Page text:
Water Damage

Discussion in 'General Clock Discussions' started by WRabbit, Aug 30, 2017.

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  1. WRabbit

    WRabbit Registered User
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    Jun 1, 2016
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    I ran across quite a few water damaged clocks after Hurricane Katrina, some that had been underwater for days. I assume this event (Harvey) will result is more of the same.

    Jim
    Chapter 124

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  2. novicetimekeeper

    novicetimekeeper Registered User

    Jul 26, 2015
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    I live on a hill, so if it floods here the end of the World will be nigh, but when I saw this pic earlier it did make me wonder about how I would save my clocks. I live in a bungalow so the lost would have been my only choice and that would be pretty difficult getting all the longcases up there. I think moving them to somebody else's house where they live even further above sea level would have been the only answer.

    I did live in a village with a history of flooding once, there was a stone opposite with the high water mark of the last flood. Fortunately there were significant flood prevention works after that and it has never flooded so bad since.

    As the climate changes these events will become more common and more severe, people will have to take this into account when they choose where to live.
     
  3. roughbarked

    roughbarked Registered User

    Dec 2, 2016
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    If people were naturally so clever, they would never have built where any possibility of flooding would occur within any one or two hundred year period. The real problem is that we aren't so clever. We are naturally lazy and would prefer to live near the water than carry it up a hill.

    Due to health issues and insurance issues, all flood damage must be sent to the rubbish tip. At least this has proven to be the case in Australia and much of the world.
     
  4. novicetimekeeper

    novicetimekeeper Registered User

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    It is a changing world, and we will need to change and adapt.
     
  5. roughbarked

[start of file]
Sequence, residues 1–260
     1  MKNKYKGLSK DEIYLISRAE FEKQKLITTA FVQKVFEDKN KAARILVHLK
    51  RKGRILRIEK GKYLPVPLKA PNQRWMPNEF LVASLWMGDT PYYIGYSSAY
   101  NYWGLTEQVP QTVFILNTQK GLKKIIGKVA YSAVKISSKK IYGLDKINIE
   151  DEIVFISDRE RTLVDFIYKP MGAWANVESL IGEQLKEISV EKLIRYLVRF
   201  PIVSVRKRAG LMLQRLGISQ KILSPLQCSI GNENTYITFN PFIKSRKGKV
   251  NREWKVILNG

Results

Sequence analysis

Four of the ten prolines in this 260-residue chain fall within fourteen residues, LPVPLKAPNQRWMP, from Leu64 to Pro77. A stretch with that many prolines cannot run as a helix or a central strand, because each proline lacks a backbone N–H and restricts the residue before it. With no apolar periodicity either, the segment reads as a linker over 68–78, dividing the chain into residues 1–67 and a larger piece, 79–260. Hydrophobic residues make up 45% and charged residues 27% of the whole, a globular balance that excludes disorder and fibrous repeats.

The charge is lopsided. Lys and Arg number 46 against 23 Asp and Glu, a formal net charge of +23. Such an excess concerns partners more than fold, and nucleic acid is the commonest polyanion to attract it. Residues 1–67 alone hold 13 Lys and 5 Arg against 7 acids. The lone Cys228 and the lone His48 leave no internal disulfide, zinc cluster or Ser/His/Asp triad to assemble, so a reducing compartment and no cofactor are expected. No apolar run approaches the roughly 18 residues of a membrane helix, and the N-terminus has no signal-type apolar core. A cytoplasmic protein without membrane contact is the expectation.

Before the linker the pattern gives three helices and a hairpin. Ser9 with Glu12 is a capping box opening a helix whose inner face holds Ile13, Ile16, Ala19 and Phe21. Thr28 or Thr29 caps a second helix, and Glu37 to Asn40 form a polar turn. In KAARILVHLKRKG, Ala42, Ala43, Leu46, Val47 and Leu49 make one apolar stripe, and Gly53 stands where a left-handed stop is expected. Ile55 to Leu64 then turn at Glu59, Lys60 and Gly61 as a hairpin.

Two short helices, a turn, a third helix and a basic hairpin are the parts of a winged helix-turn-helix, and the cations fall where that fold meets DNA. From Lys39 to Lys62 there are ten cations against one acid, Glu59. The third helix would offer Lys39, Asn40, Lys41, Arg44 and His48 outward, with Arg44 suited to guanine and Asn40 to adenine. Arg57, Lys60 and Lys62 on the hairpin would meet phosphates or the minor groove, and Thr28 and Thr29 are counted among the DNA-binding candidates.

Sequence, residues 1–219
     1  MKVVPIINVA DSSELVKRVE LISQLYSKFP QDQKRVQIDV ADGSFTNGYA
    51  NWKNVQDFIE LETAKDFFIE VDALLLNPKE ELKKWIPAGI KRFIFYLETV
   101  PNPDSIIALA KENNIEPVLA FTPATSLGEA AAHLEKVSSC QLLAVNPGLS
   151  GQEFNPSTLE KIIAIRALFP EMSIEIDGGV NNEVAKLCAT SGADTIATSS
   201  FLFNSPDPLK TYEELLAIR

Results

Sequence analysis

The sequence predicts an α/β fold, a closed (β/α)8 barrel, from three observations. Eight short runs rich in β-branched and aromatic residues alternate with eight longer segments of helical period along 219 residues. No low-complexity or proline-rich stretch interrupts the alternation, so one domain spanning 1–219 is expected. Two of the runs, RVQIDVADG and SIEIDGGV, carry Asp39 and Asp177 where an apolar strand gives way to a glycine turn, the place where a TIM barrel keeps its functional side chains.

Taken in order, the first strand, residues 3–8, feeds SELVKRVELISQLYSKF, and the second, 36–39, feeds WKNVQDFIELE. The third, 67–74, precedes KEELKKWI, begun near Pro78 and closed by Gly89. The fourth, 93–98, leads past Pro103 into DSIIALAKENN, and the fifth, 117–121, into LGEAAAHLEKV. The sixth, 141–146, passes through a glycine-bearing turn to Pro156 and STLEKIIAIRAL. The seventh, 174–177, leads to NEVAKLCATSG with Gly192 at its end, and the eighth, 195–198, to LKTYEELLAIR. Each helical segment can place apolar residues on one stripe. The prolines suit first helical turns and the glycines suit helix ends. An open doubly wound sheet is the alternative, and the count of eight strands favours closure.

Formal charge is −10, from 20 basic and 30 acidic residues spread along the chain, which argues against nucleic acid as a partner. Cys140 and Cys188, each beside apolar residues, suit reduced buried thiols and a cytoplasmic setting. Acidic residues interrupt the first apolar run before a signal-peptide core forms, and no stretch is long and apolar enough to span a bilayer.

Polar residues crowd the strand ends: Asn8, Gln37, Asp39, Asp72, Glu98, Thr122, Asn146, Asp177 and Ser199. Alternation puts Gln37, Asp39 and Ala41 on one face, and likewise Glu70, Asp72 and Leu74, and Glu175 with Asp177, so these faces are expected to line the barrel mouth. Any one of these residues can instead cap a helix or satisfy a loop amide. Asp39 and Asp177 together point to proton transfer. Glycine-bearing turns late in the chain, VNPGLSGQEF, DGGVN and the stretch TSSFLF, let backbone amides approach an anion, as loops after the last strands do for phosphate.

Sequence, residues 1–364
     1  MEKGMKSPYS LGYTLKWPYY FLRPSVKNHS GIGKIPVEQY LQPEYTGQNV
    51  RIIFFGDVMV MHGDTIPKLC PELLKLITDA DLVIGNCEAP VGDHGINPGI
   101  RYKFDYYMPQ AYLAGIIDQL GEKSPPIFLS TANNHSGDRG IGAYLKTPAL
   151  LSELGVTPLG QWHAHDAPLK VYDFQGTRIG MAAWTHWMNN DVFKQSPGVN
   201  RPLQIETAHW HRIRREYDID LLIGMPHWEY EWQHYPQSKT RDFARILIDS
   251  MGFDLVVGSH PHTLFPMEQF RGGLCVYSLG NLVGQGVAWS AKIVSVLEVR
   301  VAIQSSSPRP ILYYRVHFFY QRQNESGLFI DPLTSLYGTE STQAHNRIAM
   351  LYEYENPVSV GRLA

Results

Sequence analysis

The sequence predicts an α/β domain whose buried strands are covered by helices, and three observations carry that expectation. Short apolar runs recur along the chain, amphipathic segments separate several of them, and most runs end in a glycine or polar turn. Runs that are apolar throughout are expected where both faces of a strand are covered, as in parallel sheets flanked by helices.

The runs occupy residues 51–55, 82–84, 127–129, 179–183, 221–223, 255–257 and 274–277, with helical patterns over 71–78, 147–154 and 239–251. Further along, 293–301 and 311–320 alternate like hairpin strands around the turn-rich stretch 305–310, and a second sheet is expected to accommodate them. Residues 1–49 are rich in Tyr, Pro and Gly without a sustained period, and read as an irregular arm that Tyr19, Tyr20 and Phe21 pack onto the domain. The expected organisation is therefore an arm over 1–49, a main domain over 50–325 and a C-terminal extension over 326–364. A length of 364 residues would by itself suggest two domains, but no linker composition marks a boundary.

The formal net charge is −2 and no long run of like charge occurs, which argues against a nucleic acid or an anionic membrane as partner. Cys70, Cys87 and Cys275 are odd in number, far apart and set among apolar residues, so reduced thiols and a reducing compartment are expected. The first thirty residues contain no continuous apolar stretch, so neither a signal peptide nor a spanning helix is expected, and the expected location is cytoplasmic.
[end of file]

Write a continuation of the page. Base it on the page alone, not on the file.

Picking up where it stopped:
roughbarked Registered User

    Dec 2, 2016
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    It always was. The main issue is that humans would prefer not to bother until it is too late.
     
  6. Tinker Dwight

    Tinker Dwight Registered User

    Oct 11, 2010
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    As soon as possible, get the movement out of the case.
    Hose it off.
    Put in in a bucket of car anti-freeze.
    Later on, one can then deal with the cleaning.
    The case is another story. I don't think anit-freeze will
    do much for the finish or the case.
    Tinker Dwight
     
  7. novicetimekeeper

    novicetimekeeper Registered User

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    It worked for the Mary Rose, but that had spent quite a long time underwater! (well actually that was polyethylene glycol, not ethylene glycol , which I think is less toxic)
     
  8. TJ Cornish

    TJ Cornish Registered User
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    Sep 12, 2013
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    That sounds nice and all, but hurricanes affect around 20% of the land mass of the USA. Factor in earthquakes, ice storms, river flooding, tornados, nuclear fallout, etc., and there isn't much country left that isn't at significant risk of something. It's a risk analysis. The same principle is true in building construction. Concrete block structures and underground bunkers are robust but not very popular.
     
  9. Chris Radano

    Chris Radano Registered User

    Feb 18, 2004
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    Good Luck! Please stay safe. Harvey victims are in our prayers.
     
  10. roughbarked

    roughbarked Registered User

    Dec 2, 2016